• The Hollywood Reporter on LinkedIn
  • Follow THR on Pinterest

The Bitter Buddha: Film Review

The Bottom Line

This loving portrait of the angst-ridden comedian should well lift his profile.

Director

Steven Feinartz

 

This loving portrait of the angst-ridden comedian Eddie Pepitone should well lift his profile.

Every little-known stand-up comedian should have as stellar a showcase as The Bitter Buddha, Steven Feinartz’s loving documentary profiling the 54-year-old “comic’s comic” Eddie Pepitone. Delivering his raspy comic diatribes fueled by a rage directed both inwardly and outwardly, the comedian--whose big belly and bald pate makes his nickname seem apt--should see his star rise as a result of this cinematic mash note.

Peptitone, who’s been plying his trade for more than three decades, has achieved greater prominence in recent years thanks to his frequent appearances on Marc Maron’s popular podcasts. The two men are clearly kindred spirits, as evidenced by their frequent interactions seen here, including a hilarious off-the-cuff conversation about the complexities of navigating internet porn.

A gallery of famous comedians is on hand to sing Pepitone’s praises, including Zach Galifianakis, Sarah Silverman and Patton Oswalt, the latter commenting, “He’s the Charles Bukowski of comedy, only replace alcohol with Nutter Butter."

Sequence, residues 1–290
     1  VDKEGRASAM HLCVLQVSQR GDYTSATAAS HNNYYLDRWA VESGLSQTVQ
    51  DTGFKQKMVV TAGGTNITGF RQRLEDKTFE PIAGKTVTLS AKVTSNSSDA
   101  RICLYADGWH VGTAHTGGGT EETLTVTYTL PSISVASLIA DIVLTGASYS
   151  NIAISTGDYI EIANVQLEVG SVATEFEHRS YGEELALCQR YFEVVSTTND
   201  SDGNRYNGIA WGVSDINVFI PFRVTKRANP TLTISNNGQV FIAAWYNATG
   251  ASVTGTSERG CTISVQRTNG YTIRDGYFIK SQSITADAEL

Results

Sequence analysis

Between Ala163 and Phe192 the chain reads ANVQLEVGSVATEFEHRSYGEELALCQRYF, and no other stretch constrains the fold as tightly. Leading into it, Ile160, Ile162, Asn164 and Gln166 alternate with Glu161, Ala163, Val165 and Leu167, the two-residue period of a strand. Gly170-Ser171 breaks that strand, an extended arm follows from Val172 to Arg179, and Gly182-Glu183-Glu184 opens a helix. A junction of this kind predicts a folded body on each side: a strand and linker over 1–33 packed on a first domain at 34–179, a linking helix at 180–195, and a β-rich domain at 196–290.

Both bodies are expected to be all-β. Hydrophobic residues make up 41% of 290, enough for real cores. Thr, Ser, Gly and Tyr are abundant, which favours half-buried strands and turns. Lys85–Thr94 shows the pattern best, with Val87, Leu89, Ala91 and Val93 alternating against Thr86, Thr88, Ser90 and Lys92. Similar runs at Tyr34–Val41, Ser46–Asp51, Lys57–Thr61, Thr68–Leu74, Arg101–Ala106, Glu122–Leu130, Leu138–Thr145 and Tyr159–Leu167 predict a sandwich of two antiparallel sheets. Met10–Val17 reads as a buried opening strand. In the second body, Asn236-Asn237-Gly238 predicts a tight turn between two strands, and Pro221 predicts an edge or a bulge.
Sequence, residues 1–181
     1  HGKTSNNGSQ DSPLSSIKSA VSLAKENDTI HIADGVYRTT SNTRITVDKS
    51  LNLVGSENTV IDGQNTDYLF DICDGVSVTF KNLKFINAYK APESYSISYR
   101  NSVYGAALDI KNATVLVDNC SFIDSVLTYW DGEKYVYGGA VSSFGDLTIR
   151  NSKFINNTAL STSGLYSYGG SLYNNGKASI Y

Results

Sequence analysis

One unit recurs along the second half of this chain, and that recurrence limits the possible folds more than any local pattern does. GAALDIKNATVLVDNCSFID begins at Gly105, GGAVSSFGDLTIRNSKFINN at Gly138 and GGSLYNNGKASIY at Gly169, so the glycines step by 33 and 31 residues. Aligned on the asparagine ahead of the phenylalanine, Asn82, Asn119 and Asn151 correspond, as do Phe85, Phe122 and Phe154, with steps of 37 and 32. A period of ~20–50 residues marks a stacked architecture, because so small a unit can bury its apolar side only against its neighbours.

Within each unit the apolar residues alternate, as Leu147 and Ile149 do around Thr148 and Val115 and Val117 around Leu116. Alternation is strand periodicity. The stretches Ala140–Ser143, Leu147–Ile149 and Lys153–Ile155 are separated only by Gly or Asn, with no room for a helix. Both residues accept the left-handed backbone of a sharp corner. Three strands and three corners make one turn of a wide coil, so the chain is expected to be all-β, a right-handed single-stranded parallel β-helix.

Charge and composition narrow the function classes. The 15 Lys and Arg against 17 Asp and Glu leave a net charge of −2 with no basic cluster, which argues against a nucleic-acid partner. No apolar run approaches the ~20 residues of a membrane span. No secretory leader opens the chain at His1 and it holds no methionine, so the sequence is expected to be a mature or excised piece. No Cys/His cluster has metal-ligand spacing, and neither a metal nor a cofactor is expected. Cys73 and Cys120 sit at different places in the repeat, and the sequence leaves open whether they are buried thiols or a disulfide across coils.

As it happens, Pepitone is now clean and sober, a lifestyle choice he explains by saying that “I just want to be conscious for the horror."

He’s also, for all the anger expressed in his stand-up routines, apparently a sweet soul, as evidenced by his adoration for his many pet cats, his fondness for listening to audio tapes of Ekhart Tolle and his habit of feeding squirrels in the park.

“Does he do it angrily?” asks Oswalt with a smirk.

There’s little structure to the film, which essentially follows the comedian around as he goes through his daily routines while offering frequent commentary about his addiction-plagued life and a career that has stubbornly resisted mainstream success. Some drama is supplied by his nervousness over an impending headlining gig at NYC’s Gotham Comedy Club, his first-ever in his home town, and whether or not his irascible father will bother to make the trek from Staten Island to attend.

Although the lack of a narrative structure eventually proves frustrating, Pepitone is such an engaging, funny figure that he manages to give the proceedings a firm anchor. The unique blend of angst and humor that fuels his personality is beautifully encapsulated in the film’s closing moments, when he muses about never having had children and the fact that he’s devoted his life entirely to his career.

“Is that sad?” he asks. “I think it is,” he answers while breaking into hysterical laughter.

Opened March 8 (Cheremoya Films)
Production: Syndctd Enterainment
Director: Steven Feinartz
Producers: Steven Feinartz, Mikki Rosenberg
Executive producers: Neil Bagg, Christine O’Malley, Brad Rutter, Daniel Smekhov, Spencer Willis
Directors of photography: Danny Garcia, Alex Sax
Editors: Steven Feinartz, Dan Russell

No rating, 91 min.